1. re: The Gunk
                                  b
                                  Borissgal Jan 19, 2014 05:57 AM

                                  I make fine sugar all the time in my food processor and do not get the "scratches" or "opaque" look. It's the heat created by the friction between the metal blades and sugar crystals that causes this to happen to your plastic, there are no shavings. It's not enough heat to melt the sugar but can cause micro marring in the polished plastic. Pulsing the sugar for shorter periods so it doesn't create heat is the best way to process the sugar and make it fine.
                                  It's also worth noting that thinner, smaller blades would cause less friction so the process time can be increased. A spinning blade coffee grinder or something like my kitchenaid mini chopper will do the job well.

                                2. b
                                  Buquis Jul 18, 2009 08:57 AM

                                  Caster sugar, like everything else, is available from Amazon. You can find it, and the Domino Bar Sugar substitute there or enough info so you can look in your own area. In a large grocery -- you might try the liquer mixes, supplies area rather than the bakiing aisle.

                                  Caster sugar is also available on line from King Arthur flour.

                                  1. n
                                    Nancy Berry Mar 18, 2003 09:23 AM

                                    Caster sugar is a fine grind of granulated sugar. C&H makes a Baker's Sugar (available at supermarkets here in California) that works well in recipes that call for caster sugar.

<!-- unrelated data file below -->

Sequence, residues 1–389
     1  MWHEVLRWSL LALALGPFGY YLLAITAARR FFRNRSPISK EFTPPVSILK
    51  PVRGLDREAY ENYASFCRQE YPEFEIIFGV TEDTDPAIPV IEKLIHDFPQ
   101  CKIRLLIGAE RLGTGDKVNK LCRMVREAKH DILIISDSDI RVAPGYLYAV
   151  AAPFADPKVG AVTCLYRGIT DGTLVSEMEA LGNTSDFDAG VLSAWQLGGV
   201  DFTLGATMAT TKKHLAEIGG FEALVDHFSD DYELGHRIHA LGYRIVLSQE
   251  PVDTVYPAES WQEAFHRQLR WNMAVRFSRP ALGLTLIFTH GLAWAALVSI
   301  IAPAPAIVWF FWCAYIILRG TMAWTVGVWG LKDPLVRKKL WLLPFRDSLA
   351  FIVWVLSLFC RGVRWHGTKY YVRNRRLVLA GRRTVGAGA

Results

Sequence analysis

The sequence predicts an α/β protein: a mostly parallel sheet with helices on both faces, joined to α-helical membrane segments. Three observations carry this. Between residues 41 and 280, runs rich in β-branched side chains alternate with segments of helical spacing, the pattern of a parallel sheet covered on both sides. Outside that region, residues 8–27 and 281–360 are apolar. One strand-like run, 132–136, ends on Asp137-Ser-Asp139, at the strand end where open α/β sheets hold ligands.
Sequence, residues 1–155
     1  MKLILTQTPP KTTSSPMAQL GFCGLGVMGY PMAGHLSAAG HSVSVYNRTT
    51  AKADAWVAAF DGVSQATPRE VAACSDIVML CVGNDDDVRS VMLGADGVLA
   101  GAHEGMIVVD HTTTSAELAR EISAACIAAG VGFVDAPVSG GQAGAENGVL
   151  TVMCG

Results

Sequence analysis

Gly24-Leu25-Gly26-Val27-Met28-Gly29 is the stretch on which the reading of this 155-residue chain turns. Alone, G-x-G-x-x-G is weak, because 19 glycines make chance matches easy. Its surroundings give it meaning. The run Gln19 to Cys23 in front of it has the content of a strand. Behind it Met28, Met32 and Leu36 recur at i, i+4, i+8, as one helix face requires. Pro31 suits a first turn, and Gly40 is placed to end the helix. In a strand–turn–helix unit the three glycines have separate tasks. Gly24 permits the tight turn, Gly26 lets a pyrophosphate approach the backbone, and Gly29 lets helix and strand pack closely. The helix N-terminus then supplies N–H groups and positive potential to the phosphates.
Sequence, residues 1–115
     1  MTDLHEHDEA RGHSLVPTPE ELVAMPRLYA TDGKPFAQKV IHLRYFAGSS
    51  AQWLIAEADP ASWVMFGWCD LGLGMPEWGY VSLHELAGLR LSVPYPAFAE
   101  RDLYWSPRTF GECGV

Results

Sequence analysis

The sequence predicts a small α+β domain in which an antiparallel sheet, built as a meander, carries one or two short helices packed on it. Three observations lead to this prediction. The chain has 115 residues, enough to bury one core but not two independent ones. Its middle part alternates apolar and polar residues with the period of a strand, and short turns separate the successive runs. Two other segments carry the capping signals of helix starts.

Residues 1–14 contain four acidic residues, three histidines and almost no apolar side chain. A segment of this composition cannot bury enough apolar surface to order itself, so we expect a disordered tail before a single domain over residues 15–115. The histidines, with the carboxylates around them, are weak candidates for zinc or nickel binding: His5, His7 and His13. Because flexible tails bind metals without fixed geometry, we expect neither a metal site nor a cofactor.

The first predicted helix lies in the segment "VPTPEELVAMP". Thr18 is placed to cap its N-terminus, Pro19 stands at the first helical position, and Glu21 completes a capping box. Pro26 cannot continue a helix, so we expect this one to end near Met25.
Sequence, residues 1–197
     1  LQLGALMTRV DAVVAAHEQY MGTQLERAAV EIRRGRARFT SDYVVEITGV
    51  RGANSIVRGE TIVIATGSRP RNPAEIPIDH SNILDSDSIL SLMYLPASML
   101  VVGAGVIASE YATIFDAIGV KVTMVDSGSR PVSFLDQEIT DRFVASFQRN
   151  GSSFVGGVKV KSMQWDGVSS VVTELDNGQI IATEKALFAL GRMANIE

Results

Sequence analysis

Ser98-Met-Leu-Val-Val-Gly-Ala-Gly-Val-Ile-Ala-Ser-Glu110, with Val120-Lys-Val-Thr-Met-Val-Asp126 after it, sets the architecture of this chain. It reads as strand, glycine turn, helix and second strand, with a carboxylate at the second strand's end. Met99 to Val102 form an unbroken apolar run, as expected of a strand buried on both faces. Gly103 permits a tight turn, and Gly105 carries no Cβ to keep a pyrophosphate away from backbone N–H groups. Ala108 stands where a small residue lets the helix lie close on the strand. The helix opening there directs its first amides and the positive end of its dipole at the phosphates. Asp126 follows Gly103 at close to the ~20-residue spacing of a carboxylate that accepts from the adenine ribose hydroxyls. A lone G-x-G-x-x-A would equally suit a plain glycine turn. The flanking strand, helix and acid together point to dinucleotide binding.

Link: http://www.chsugar.com/Consumer/ch_bs_trans.html

                                    Image: http://www.chsugar.com/Consumer/image...

                                    1 Reply
                                    1. re: Nancy Berry
                                      m
                                      Mestralle Feb 13, 2011 12:16 PM

                                      That's what I use here in Michigan, too. I don't really even buy "plain old sugar" anymore. The baking sugar is a bit more expensive, but I don't go through a whole lot of sugar, so it's not worth it to me to try to store multiple types. It measures the same. It's sold in what looks like a cardboard milk carton.

                                    2. j
                                      James G Mar 17, 2003 06:42 PM

                                      This was a subject of some discussion at my house recently. Caster sugar is also what British people call "granulated sugar".

                                      3 Replies
                                      1. re: James G
                                        c
                                        Caitlin McGrath Mar 17, 2003 06:59 PM

                                        I do believe caster sugar is finer than the granulated sugar we get in the US, though, even if not as fine as our superfine granulated sugar. I think granulayed sugar is probably a fine substitution in most recipes.

                                        1. re: Caitlin McGrath
                                          m
                                          MIchaelB Mar 18, 2003 11:27 AM

                                          Domino does sell an extra-fine granulated sugar that sounds pretty close to that description of caster sugar. It's mostly sold to the food service industry, but I've had good luck finding it in Asian supermarkets in the Boston area -- it comes in 5 lb. light brown bags, not their usual yellow and blue. It's finer than regular gran. sugar, but not as fine as the superfine available in the pricey little boxes.